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Project Portfolio Management

Integrated Portfolio Analysis — How Did We Get Here and Are We Finally Ready?

Published By Patrick Tickle

Recently, Gartner took a new look at the whole notion of PPM, from an enterprise and IT perspective. For those of you that have seen my previous post, you know that we applaud this change. The landscape outlined in the new Gartner PPM Market Universe is dead on with where portfolio management is headed. A major component of this research is the new Magic Quadrant for Integrated IT Portfolio Analysis Applications. At Planview, we are humbled to be positioned in the Leaders Quadrant in this new Magic Quadrant that redefines the IT portfolio landscape. Rightfully so, the title of this new Magic Quadrant does not include the word “project”, because managing projects is just one part of any IT organization. IT organizations provide their internal and external customers with applications and services that run their businesses. Projects are simply a mechanism for driving change within the application and services portfolio, as well as the underlying IT infrastructure. This interplay is at the heart of IT management and hence the new Magic Quadrant.

integrated it portfolio analysis applications

Certainly we all recognize Gartner’s track record for market insight and their influence in the IT community. Gartner’s endorsement of “Integrated Portfolio Analysis” is sure to stimulate a lot of conversations in the IT community. But I think it is worth noting several historical milestones that got us to this point.

The first occurred in 2005 when Forrester published what at the time was a seminal perspective on Integrated IT Management or IIM. This report spurred the initial wave of thinking in the portfolio management community on the potential expanded reach of portfolio management. It was also influential in driving Planview’s original investment into supporting application and services portfolios as part of our solution. It was probably a little ahead of its time; but Margo, Phil, and team got the ball rolling.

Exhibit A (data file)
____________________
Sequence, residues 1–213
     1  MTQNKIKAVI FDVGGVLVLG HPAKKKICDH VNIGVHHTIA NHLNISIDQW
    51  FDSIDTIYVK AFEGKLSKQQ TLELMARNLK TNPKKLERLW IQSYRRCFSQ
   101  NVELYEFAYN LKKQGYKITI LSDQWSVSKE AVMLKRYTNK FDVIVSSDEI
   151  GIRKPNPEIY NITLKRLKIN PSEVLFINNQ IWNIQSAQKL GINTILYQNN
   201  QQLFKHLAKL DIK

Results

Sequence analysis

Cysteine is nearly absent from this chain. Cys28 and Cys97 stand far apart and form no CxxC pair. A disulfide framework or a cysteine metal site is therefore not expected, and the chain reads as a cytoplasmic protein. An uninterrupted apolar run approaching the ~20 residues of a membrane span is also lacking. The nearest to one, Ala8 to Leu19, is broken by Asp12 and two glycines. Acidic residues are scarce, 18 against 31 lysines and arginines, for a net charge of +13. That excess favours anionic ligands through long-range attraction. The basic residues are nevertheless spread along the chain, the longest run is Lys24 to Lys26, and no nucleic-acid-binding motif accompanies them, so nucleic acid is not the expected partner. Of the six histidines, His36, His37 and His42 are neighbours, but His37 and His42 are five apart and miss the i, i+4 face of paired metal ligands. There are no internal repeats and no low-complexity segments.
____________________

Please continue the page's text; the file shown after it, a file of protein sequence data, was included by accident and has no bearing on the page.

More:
The second moment happened in 2008 with the release of ITIL 4. A significant component of ITIL 4 was the addition of services portfolio management as a formal discipline. This was the next jolt in driving the recognition of portfolios beyond projects. Unfortunately, ITIL 4 momentum was all but squashed by the onset of the economic recession, but ITIL initiatives are beginning to pick up steam again.

The economic recession, and the “new normal” it introduced, brought the third key milestone in this evolution. The intense financial pressure that IT organizations were under drove them to rationalize every aspect of their business. Globally we saw IT organizations go after one of their largest and most costly portfolios with a vengeance — the application portfolio. The economic recession forced a new level of maturity in application portfolio management.

So that brings us up to today and the latest Gartner research. There is a great opportunity for IT organizations to drive towards an Integrated Portfolio Analysis model. Very few are there today, but when I meet with customers it is clear they see the value, and most are already doing bits and pieces with varying results. Gartner adding its perspective represents another significant milestone in this emerging IT management capability; it will be interesting to see how IT portfolio analysis evolves as a result.

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Written by Patrick Tickle Chief Products Officer

Patrick Tickle is responsible for the company’s Products organization and leads the Planview team that continues to deliver the most innovative portfolio management solutions to the marketplace. Patrick brings over 20 years of experience in product management, product development, and marketing across a wide range of technology solutions. Prior to joining Planview, Patrick served as Vice President of Marketing and Product Management of ITM Software where he executed category development and product definition. He has also held a variety of product management and marketing positions at Terraspring, Inc. (an enterprise software company acquired by Sun Microsystems), MIPS, and Silicon Graphics. He has a BS in Electrical Engineering from the University of Notre Dame and an MBA from the University of North Carolina.